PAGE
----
# Complex Numbers Set 2

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Example- 5

Prove that if $$p \in \mathbb{Z}$$ the sum of the pth powers of the nth roots of unity is 0, unless p is a multiple of n. What is the sum in that case?

Solution:   Let the nth roots of unity be

$$1,\alpha ,{\alpha ^2}..........{\alpha ^{n - 1}}$$ where $$\alpha = {e^{i2\pi {\rm{/}}n}}$$

The sum of the pth powers of these roots is

$\begin{array}{l}{S_p} = {(1)^p} + {(\alpha )^p} + {({\alpha ^2})^p} + ....... + {({\alpha ^{n - 1}})^p}\\\,\,\,\,\,\,\, = 1 + {\alpha ^p} + {({\alpha ^p})^2} + ....... + {({\alpha ^p})^{n - 1}} \ldots (1)\end{array}$

This is a G.P. with common ratio   $${\alpha ^p}$$

$\Rightarrow {S_p} = \frac{{{{({\alpha ^p})}^n} - 1}}{{{\alpha ^p} - 1}} \;\;\;\;\; \ldots (2)$

If p is not a multiple of n, $${\alpha ^p} \ne 1$$ so that the expression for$${S_p}$$is defined in (2). The numerator $${S_p}$$ of $${({\alpha ^p})^n} - 1 = {({\alpha ^n})^p} - 1\,\,\, = \,\,\,\,\,{1^p} - 1\,\,\, = \,\,\,0.$$ is  Thus, $${S_p} = 0.$$

Suppose now that p is a multiple of n. In that case, $${\alpha ^p} = 1,$$ so that$${S_p}$$ is directly obtainable from (1).

$\begin{array}{l}{S_p} = 1 + 1 + 1 + ....... + 1\,\,\,(n\,\,{\rm{times}})\\\,\,\,\,\,\,\, = n\end{array}$

Thus,

${S_p} = \left\{ \begin{array}{l}0,\;\;\; {\rm{if\; }}p\;{\rm{ is\; not\; a \;multiple\; of }}n\\n{\rm{,\;\;\;\;}} {\rm{if }}p\;{\rm{ is\; a \;multiple \;of }}n\end{array} \right\}$

Example- 6

If \begin{align}\arg ({z^{1{\rm{/3}}}}) = \frac{1}{2}\arg ({z^2} + \bar z{z^{{\rm{1/3}}}}),\end{align} find $$\left| z \right|$$. (z is a non real complex number).

Solution: Since the given relation contains only arguments, we can use the properties that arguments satisfy, to simplify this relation:

\begin{align}& 2\arg ({z^{1{\rm{/3}}}}) = \arg ({z^2} + \bar z{z^{1{\rm{/3}}}})\\\\ &\Rightarrow \arg ({z^{2{\rm{/3}}}}) = \arg ({z^2} + \bar z{z^{1{\rm{/3}}}})\\\\ &\Rightarrow \arg ({z^2} + \bar z{z^{1{\rm{/3}}}}) - \arg ({z^{2{\rm{/3}}}}) = 0\\\\ &\Rightarrow \arg \left( {\frac{{{z^2} + \bar z{z^{1{\rm{/3}}}}}}{{{z^{2{\rm{/3}}}}}}} \right) = 0\\\\ &\Rightarrow \arg \left( {{z^{4{\rm{/3}}}} + \frac{{\bar z}}{{{z^{1{\rm{/3}}}}}}} \right) = 0\\\\ &\Rightarrow {z^{{\rm{4/3}}}} + \frac{{\bar z}}{{{z^{{\rm{1/3}}}}}} = {{\bar z}^{{\rm{4/3}}}} + \frac{z}{{{{\bar z}^{{\rm{1/3}}}}}}\,\,\,\,\,\,\,\,\,\,\,\,\,\,\,\,\,\,\,\,\,\left( \begin{array}{l}{\rm{because\ if\; arg (}}z{\rm{) = 0,}}\\z{\rm{\; is \;purely\; real }} \Rightarrow {\rm{ }}z\,{\rm{ = }}\bar z\end{array} \right)\end{align}

\begin{align}& \Rightarrow {{\bar z}^{{\rm{1/3}}}}({z^{{\rm{5/3}}}} + \bar z) = {z^{{\rm{1/3}}}}({{\bar z}^{{\rm{5/3}}}} + z)\\\\ &\Rightarrow {{\bar z}^{{\rm{1/3}}}}{z^{{\rm{1/3}}}}{z^{{\rm{4/3}}}} + {{\bar z}^{{\rm{4/3}}}} = {z^{{\rm{1/3}}}}{{\bar z}^{{\rm{1/3}}}}{{\bar z}^{{\rm{4/3}}}} + {z^{{\rm{4/3}}}}\\\\ &\Rightarrow |z{|^{{\rm{2/3}}}}{z^{{\rm{4/3}}}} + {{\bar z}^{{\rm{4/3}}}} = |z{|^{{\rm{2/3}}}}{{\bar z}^{{\rm{4/3}}}} + {z^{{\rm{4/3}}}}\\\\ &\Rightarrow {z^{{\rm{4/3}}}}(1 - |z{|^{{\rm{2/3}}}}) - {{\bar z}^{{\rm{4/3}}}}(1 - |z{|^{{\rm{2/3}}}}) = 0\\\\ &\Rightarrow ({z^{{\rm{4/3}}}} - {{\bar z}^{{\rm{4/3}}}})(1 - |z{|^{{\rm{2/3}}}}) = 0\end{align}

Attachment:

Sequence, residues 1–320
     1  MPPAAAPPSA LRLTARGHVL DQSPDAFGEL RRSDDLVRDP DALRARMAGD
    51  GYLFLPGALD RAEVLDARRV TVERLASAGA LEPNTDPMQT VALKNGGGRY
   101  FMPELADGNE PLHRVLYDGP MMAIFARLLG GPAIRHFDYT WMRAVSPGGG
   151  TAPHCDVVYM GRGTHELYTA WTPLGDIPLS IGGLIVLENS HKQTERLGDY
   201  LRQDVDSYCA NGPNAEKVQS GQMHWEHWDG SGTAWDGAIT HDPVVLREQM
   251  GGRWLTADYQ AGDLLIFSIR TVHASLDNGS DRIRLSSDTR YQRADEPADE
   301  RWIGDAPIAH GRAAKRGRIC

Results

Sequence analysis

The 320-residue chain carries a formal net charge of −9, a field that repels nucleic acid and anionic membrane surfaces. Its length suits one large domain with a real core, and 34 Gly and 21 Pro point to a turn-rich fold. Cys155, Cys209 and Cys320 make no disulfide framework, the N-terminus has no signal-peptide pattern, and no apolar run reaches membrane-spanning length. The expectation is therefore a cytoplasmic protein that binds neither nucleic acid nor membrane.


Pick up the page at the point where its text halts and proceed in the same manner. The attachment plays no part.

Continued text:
Since z is a non-real complex number, $$z \ne \bar z$$

$\Rightarrow {z^{{\rm{4/3}}}} \ne {\bar z^{{\rm{4/3}}}}.$

Therefore,

\begin{align}{} &{\left| z \right|^{{\rm{2/3}}}} = 1\\ \Rightarrow \quad &|z|\, = 1.\end{align}

Example- 7

If $$|z - 25i|\, \le 15,$$ find $$\max (\arg (z))$$ and $$\min (\arg (z)).$$

Solution:  From the given relation, it is clear that z must lie inside (or on) a circle of radius 15 centred at 25i. To obtain $$\max (\arg (z))$$ and $$\min (\arg ((z)),$$ what we can do is draw two tangents to the circle from the origin:

Now, $$OP = 25, AP = 15$$

$\Rightarrow \angle POA = {\sin ^{ - 1}}\left( {\frac{{15}}{{25}}} \right) = {\sin ^{ - 1}}\left( {\frac{3}{5}} \right) = \angle POB$

Therefore,  \begin{align}\arg ({z_1}) = \frac{\pi }{2} - {\sin ^{ - 1}}\frac{3}{5}\end{align}

and     \begin{align}\arg ({z_2}) = \frac{\pi }{2} + {\sin ^{ - 1}}\frac{3}{5}\end{align}

These are the minimum and maximum values respectively.

Example- 8

If $$\sin \alpha + 2\sin \beta + 3\sin \gamma = 0$$ and $$\cos \gamma + 2\cos \beta + 3\cos \gamma = 0,$$ find:

(a)  $$\cos 3\alpha + 8\cos 3\beta + 27\cos 3\gamma$$

(b) $$\sin (\beta + \gamma ) + 2\sin (\alpha + \gamma ) + 3\sin (\alpha + \beta )$$

Solution:   Construct three complex number $${z_1},{z_2}$$ and $${z_3},$$ such that

$${z_1} = \cos \alpha + i\sin \alpha ;\,\,\,\,\,{z_2} = \cos \beta + i\sin \beta ;\,\,\,\,\,\,{z_3} = \cos \gamma + i\sin \gamma$$

Note that $$|{z_1}|\, = \,|{z_2}|\, = \,|{z_3}|\, = 1$$

Also, from the given relations,

${z_1} + 2{z_2} + 3{z_3} = 0 \ldots (1)$

and                                              \begin{align}\frac{1}{{{z_1}}} + \frac{2}{{{z_2}}} + \frac{3}{{{z_3}}} = 0 \ldots (2) \left( {{\rm{because}}\,\,{z_i} = \frac{1}{{{z_i}}};i = 1,\,\,2,\,\,3} \right)\end{align}

(a)    From (1), since $${z_1} + 2{z_2} + 3{z_3} = 0,\,\,{\rm{we have}}$$

$\begin{array}{l} z_1^3 + 8z_2^3 + 27z_3^3 = 3 \cdot {z_1} \cdot 2{z_2} \cdot 3{z_3}\\ \Rightarrow {e^{i3\alpha }} + 8{e^{i3\beta }} + 27{e^{i3\gamma }} = 18{e^{i(\alpha + \beta + \gamma )}}\\ \Rightarrow \cos 3\alpha + 8\cos 3\beta + 27\cos 3\gamma = 18\cos (\alpha + \beta + \gamma )\end{array}$

(By comparing the real parts)

(b)   From (2),

$\begin{array}{l} {z_2}{z_3} + 2{z_1}{z_3} + 3{z_1}{z_2} = 0\\ \Rightarrow {e^{i(\beta + \gamma )}} + 2{e^{i(\alpha + \gamma )}} + 3{e^{i(\alpha + \beta )}} = 0\end{array}$

Comparing the imaginary parts on both sides,

$\sin (\beta + \gamma ) + 2\sin (\alpha + \gamma ) + 3\sin (\alpha + \beta ) = 0$

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